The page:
Projects selected to participate in Impact Day 2021

During the previous edition, 21 documentary projects were presented, representing 22 countries from all over the world (taking into account productions and co-productions). Most of these 21 documentary films were in production and post-production stage. This year, among the 131 documentary projects received from 70 countries, 16 have ultimately been selected to take part in Impact Day 2021. They come from 19 countries and cover all continents. It is worth noting that 50% of the films are directed by women, 31% by men and 19% are co-directed by mixed teams.

The topics cover a wide range of urgent issues. These include human rights abuses in Libya’s detention centres, child trafficking in India, the death penalty in Belarus, indigenous activism in the Amazon and the Philippines, corporate responsibility in countries such as Guatemala or Switzerland, as well as forced displacement issues and land rights in Europe.

How films can contribute to the advancement of human rights and social justice

Due to the public health situation, Impact Day 2021 has been redesigned with a hybrid and expanded format. Its different modules were scheduled online and/or in situ between January and March. The first part of this 2021 programme took place last month on January 27th and 28th. It included an online webinar opened to external observers in the film industry, with the participation of the selected film teams. This first webinar saw the participation of prominent speakers, such as Pamela Yates, documentary filmmaker and human rights activist. During her career, she won several awards, including the Sundance Award for best documentary, the Emmy Award, and an Academy Award for her works.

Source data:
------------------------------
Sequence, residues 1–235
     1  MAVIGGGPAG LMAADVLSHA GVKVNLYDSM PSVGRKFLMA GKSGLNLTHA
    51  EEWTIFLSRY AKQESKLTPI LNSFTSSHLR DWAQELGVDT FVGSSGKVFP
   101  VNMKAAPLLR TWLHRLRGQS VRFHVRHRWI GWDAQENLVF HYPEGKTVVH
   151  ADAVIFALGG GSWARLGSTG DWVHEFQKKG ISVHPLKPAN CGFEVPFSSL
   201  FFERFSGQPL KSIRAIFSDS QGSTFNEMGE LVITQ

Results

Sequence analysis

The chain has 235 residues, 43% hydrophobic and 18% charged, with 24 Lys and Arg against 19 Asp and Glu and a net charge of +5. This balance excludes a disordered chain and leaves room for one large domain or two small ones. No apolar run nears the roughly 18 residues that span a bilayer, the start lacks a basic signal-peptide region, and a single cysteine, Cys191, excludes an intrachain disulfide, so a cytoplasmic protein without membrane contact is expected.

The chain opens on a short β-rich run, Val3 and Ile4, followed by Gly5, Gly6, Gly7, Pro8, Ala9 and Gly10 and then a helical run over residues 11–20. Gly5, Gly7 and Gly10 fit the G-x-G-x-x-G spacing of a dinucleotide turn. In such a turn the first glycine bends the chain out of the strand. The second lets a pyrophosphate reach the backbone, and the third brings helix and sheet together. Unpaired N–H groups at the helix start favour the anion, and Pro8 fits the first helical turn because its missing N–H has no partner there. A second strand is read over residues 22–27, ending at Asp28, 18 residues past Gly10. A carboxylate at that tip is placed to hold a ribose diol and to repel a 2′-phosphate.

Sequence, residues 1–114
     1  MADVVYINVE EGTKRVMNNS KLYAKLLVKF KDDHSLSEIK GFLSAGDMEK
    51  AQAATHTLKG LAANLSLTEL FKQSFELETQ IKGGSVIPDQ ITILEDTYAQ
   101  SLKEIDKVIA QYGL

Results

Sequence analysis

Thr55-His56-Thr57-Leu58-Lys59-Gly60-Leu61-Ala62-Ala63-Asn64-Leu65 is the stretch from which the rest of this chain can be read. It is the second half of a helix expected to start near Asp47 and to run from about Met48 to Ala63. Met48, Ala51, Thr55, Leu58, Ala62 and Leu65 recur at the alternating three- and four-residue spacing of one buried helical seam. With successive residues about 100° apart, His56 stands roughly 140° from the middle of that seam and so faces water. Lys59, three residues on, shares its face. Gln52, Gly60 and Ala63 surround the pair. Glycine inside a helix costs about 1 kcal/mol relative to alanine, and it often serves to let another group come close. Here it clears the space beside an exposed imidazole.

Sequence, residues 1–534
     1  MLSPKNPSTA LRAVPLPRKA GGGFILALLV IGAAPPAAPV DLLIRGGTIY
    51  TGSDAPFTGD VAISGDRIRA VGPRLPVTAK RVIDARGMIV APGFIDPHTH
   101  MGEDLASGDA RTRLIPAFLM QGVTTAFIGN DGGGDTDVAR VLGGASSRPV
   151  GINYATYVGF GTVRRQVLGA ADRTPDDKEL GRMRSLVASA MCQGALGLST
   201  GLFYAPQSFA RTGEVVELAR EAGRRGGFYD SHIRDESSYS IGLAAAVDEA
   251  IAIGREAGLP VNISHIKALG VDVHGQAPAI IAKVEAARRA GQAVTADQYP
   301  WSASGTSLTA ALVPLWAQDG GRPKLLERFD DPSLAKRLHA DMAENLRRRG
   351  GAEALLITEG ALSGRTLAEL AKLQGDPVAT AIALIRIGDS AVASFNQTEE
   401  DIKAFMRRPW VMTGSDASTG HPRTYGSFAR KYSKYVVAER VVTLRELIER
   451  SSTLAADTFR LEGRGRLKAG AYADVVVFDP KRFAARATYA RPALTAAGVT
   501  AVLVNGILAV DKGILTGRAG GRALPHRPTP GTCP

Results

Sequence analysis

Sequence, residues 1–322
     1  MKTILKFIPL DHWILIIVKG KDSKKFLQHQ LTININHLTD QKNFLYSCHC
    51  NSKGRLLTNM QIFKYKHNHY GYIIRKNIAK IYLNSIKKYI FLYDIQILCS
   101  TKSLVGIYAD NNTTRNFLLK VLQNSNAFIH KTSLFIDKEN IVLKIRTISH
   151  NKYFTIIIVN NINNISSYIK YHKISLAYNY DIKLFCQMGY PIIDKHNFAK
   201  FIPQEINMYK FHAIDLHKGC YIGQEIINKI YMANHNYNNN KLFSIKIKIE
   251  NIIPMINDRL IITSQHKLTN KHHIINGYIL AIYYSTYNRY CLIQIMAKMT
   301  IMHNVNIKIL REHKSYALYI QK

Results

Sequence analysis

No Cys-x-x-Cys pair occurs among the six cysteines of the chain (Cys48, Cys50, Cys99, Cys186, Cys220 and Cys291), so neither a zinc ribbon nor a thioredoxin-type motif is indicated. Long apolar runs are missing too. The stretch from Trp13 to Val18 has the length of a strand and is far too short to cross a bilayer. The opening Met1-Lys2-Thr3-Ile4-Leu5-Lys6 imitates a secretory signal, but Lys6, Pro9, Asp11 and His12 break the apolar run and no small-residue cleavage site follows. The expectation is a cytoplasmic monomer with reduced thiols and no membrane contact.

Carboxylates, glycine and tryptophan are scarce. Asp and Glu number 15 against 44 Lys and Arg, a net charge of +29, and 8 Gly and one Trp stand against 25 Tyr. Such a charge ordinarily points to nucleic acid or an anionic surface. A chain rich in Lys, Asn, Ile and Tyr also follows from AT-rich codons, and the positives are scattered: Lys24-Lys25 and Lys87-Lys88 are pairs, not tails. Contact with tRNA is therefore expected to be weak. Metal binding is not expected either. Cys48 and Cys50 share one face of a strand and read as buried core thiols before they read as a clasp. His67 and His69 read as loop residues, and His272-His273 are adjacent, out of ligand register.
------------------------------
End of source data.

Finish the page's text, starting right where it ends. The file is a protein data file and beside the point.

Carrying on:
The second part of the programme for the selected 16 film projects of this year will take place on 8th and 9th March. It will include an informative session for NGOs and organizations wanting to engage with films. The creative teams behind each of these films will attend a three-part Lab, in which experienced filmmakers and impact producers will help them develop impact goals and strategies for their films, as well as guide them in collaborating with NGOs and other organisations outside of the film field. Matchmaking will take place as well, with one-to-one meetings between selected film teams and NGOs, and organisations. Representatives from NGOs, international organisations, foundations, as well as philanthropists, and those involved in human rights advocacy and activities in the field will be able to attend the sessions dedicated to how to engage with films and use them to enhance the impact of their work.

According to Laura Longobardi “One of the reasons filmmakers participate in the Festival is to meet those who can help with their films. The aim is to have them contribute to the discussion, expose important issues, tell the truth, and help testify about situations taking place around the world. All of this can be done through the power of images and narratives and can help change behaviours, perceptions, mentalities, and even laws “.


Join the debate on from March 5 to 14 for an innovative and interactive edition of the FIFDH!


* Sarah Bencherif works at UNITAR (United Nations Institute for Training and Research) and was the Editorial Coordinator of UN Today (until January 2021). Sarah Bencherif travaille à UNITAR (l’Institut des Nations Unies pour la Formation et la Recherche), et était coordinatrice éditoriale de UN Today (jusqu'à janvier 2021).